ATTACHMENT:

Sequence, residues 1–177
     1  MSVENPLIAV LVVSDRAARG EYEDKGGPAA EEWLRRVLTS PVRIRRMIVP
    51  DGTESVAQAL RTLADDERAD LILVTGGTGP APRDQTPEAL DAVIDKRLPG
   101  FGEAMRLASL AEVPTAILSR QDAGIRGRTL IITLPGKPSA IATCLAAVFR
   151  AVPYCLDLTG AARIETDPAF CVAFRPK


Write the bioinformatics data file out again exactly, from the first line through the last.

Sequence, residues 1–177
     1  MSVENPLIAV LVVSDRAARG EYEDKGGPAA EEWLRRVLTS PVRIRRMIVP
    51  DGTESVAQAL RTLADDERAD LILVTGGTGP APRDQTPEAL DAVIDKRLPG
   101  FGEAMRLASL AEVPTAILSR QDAGIRGRTL IITLPGKPSA IATCLAAVFR
   151  AVPYCLDLTG AARIETDPAF CVAFRPK